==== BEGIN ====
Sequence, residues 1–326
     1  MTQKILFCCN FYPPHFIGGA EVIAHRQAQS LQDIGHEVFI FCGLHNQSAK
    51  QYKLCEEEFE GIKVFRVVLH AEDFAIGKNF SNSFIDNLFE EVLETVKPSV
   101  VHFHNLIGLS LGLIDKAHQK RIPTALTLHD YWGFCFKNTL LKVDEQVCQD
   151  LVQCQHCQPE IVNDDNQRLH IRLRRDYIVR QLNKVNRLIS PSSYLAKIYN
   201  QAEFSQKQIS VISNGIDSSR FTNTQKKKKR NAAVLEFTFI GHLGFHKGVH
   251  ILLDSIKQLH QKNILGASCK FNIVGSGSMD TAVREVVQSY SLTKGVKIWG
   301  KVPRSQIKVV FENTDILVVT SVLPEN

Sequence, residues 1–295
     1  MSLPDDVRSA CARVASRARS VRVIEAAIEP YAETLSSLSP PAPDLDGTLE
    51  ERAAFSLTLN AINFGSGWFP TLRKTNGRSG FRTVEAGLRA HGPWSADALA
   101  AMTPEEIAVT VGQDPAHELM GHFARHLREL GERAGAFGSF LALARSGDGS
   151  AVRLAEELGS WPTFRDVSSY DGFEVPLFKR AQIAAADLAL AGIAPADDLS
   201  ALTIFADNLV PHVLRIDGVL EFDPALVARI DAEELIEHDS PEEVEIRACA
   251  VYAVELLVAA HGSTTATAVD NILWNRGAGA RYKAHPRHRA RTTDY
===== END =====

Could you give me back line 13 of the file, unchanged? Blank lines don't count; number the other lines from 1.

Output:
   151  AVRLAEELGS WPTFRDVSSY DGFEVPLFKR AQIAAADLAL AGIAPADDLS